We helped the ladies off the keelboats and for the next hour unloaded those things we would need for a two-day stay. Porters kindly provided by the inn took our belongings to our various accommodations. We were all looking forward to a bath and sleeping in a real bed.
On the way upriver, Ben had told us some about the city. Natchitoches is an Indian word that means paw-paw, or chinquapin. As you may know, the chinquapin is a small nut found in the region that resembles an acorn, but unlike the acorn is quite tasty. The town is named after the Natchitoches tribe, part of the Kadohadacho civilization. At the time, many in the tribe lived in a nearby village or in the town itself. Natchitoches is an old town, founded as a French trading post over a hundred years before our arrival. The French built a fort there and named it after John the Baptist—Jean de Baptiste—and Natchitoches became the region’s trading center. Over the decades, Fort Jean de Baptiste became dilapidated and was replaced by the American Fort Claiborne in 1804, which was built just outside of town by the US Cavalry.
The French built their fort at Natchitoches because it was the head of what most thought of as the most navigable stretch of the Red River. Above us lay the ominous giant logjam up into the Arkansaw Territory, the Great Raft. Since it is mighty difficult to get boats through the Great Raft, almost all river-borne cargo was transferred to and from land transportation at Natchitoches, going east on the trail known as the Natchez Trace, or southwest on the El Camino Real to New Spain. Naturally, that made Natchitoches an important crossroads for commerce—and, unfortunately, a magnet for every scoundrel within five hundred miles.
Pa was able to secure a fine room for Mama and my sisters on the upper floor of the St. Jean, which turned out to be next door to Ben’s and James’s room, which they would share with Pa, Joel, and me. The McKellars had two rooms a few doors down the hall. Myself, Pa, and Joel were entering the inn with our porters when we met Valac LaBrot walking rapidly toward us from the Missouri with two men. He was breathless.
“Gentlemen,” Valac said as he stopped, breathing hard. “I thank you. It was a pleasure traveling with you from Nashville. Just now I have met with my superior, the honorable John Jamison, US Indian Agent for these parts, and have been accepted with gratitude and honor for my new position. I go now with these porters to gather my possessions from the boat, then I will be off.”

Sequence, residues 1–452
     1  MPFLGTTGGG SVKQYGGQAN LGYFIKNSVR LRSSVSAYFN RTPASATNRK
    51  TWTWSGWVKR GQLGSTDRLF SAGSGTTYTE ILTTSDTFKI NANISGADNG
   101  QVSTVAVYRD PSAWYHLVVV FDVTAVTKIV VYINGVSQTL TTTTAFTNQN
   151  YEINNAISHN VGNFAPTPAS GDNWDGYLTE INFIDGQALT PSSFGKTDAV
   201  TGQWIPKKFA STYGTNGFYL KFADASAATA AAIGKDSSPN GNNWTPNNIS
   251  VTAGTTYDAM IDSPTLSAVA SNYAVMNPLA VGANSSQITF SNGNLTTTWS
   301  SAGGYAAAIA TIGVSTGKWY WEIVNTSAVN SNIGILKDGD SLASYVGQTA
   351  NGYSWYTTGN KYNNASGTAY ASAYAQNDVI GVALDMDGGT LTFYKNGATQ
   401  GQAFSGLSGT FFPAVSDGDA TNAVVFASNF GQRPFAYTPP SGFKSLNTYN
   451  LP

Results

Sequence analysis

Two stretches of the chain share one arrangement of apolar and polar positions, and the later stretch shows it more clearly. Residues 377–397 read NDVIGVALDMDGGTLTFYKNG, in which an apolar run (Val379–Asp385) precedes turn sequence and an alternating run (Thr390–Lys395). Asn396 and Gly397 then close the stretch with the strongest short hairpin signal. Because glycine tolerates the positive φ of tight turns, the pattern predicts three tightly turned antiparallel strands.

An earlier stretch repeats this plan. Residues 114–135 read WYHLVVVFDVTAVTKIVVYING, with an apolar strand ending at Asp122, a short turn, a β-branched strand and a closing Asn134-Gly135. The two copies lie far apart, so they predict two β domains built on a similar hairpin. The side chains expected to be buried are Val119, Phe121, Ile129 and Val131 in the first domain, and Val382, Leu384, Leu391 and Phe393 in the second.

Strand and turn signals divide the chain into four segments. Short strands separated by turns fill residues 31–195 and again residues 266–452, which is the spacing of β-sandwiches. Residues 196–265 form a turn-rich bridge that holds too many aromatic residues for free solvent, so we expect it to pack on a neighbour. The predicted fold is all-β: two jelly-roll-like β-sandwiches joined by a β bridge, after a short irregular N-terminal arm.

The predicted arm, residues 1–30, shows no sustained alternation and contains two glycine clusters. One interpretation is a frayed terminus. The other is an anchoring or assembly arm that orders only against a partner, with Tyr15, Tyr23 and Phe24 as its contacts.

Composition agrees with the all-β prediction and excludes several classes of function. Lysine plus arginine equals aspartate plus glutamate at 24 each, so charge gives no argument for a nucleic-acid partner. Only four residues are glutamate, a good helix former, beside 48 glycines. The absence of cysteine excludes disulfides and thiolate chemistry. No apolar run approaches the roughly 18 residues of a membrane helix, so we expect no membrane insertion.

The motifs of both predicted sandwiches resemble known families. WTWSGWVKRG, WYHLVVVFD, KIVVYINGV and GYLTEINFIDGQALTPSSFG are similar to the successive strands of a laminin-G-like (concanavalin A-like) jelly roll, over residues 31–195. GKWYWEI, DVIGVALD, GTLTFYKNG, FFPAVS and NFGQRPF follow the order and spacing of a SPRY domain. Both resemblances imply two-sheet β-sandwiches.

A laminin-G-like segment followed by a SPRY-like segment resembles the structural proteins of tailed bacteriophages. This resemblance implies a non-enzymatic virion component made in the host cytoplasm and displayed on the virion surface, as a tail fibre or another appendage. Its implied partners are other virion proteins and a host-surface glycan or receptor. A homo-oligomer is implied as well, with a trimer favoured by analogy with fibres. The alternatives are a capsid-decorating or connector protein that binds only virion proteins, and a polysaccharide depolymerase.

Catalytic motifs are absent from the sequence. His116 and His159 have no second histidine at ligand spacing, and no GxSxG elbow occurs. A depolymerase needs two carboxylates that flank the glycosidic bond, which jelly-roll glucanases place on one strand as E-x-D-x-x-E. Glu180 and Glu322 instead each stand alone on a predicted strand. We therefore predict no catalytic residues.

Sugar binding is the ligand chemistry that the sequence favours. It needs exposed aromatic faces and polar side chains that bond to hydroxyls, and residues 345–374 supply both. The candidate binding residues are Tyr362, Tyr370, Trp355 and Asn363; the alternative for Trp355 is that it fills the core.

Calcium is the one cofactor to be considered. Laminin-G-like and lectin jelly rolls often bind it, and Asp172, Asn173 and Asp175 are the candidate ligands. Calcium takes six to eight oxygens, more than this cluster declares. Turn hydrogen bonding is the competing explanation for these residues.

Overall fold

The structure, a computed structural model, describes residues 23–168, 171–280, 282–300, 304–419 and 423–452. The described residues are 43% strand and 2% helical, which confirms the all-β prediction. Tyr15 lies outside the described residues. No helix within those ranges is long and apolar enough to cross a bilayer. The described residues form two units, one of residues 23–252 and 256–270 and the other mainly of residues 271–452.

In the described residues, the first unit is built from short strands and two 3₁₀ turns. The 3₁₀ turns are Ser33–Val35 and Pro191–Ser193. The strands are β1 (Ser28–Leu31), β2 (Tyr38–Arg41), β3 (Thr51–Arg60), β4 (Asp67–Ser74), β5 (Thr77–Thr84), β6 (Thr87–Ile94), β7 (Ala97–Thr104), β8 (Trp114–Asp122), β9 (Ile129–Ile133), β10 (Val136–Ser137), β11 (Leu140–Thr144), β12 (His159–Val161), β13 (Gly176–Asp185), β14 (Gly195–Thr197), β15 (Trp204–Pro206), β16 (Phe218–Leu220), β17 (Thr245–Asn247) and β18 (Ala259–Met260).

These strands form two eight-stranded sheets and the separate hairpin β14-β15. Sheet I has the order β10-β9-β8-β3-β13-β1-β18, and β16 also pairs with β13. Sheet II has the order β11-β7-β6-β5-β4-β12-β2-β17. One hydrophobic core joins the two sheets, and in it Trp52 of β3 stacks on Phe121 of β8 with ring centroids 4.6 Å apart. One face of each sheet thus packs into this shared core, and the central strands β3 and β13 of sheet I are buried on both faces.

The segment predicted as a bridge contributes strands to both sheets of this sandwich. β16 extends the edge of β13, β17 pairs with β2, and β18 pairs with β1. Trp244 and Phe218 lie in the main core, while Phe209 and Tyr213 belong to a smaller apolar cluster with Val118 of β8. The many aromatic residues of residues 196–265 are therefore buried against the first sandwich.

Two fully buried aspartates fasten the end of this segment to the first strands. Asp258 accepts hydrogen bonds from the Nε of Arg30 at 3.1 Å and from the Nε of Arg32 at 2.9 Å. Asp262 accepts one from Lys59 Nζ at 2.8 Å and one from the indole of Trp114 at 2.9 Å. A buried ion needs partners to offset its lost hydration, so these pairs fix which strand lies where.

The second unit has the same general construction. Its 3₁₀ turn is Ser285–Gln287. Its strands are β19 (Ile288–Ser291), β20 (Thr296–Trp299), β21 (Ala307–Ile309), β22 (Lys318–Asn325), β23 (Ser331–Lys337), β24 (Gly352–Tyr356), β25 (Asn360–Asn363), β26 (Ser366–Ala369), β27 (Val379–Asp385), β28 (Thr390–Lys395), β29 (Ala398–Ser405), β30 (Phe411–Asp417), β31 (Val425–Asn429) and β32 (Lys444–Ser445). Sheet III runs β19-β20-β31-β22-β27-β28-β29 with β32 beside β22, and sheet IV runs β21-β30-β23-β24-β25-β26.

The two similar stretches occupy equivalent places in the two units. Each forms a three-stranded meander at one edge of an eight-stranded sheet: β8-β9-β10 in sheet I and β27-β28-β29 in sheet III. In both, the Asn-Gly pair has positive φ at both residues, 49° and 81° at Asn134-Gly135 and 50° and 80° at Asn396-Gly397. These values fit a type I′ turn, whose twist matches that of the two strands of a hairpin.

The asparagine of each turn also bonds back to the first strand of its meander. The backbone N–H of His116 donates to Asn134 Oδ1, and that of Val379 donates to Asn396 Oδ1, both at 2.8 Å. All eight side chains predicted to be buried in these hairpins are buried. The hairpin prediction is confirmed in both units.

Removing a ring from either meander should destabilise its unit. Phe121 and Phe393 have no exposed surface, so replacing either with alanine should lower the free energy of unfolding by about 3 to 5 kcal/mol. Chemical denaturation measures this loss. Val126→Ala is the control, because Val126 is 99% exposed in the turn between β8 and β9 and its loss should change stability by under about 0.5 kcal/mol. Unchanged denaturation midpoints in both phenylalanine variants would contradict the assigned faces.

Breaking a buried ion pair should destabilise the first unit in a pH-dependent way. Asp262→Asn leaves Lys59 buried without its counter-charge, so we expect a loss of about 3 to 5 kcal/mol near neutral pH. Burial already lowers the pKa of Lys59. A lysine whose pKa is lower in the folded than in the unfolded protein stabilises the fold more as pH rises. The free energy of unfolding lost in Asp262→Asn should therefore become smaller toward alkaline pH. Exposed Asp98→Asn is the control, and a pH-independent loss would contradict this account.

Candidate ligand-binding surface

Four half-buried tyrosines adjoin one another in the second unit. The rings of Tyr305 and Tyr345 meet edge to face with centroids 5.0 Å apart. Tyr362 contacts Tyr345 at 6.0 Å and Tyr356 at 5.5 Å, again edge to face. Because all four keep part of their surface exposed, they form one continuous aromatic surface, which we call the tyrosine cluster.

“Congratulations, Mr. LaBrot,” said Pa. “May your work here be a great success and help eliminate the possibility of Indian attacks up the river at our new homesteads.”
“Of course. Of course,” said Valac. “If you encounter any trouble, please contact me immediately. And Tom, although we did not have the opportunity to discuss your legal aspirations, feel free to visit me anytime here in Natchitoches. Our offices are just down the street, on Rue Poète.”
“Thank you,” I said and looked over at Pa, who had no reaction. I looked back at LaBrot. The sun was not in my eye, but for some reason I squinted at him nonetheless. “And good luck in your new position.”
In great haste, Valac shook our hands and was off again toward the boat.
“Tom, what did Mr. LaBrot mean about legal aspir-nations,” asked Joel. “Are you in trouble because Peter couldn’t breathe when he got sucked into that quicksand?”
Pa and I burst into laughter. “No, Joel, it is nothing to do with that. Mr. LaBrot was referring to the law as the occupation I wish to pursue. When we were talking one night, he said that he was once a lawyer, and I mentioned my interest. I think Mr. LaBrot was happy to have someone to talk to, although we never did talk. He seems a queer type.”
“Yeah, I think so, too,” said Joel.
“Now you boys, just keep those opinions to yourself. Nothing good comes from speaking poorly about others,” said Pa, with a little wink to me. Seems as Pa had similar opinions of Mr. LaBrot.
We all laughed again. Our spirits were much improved for being off the river.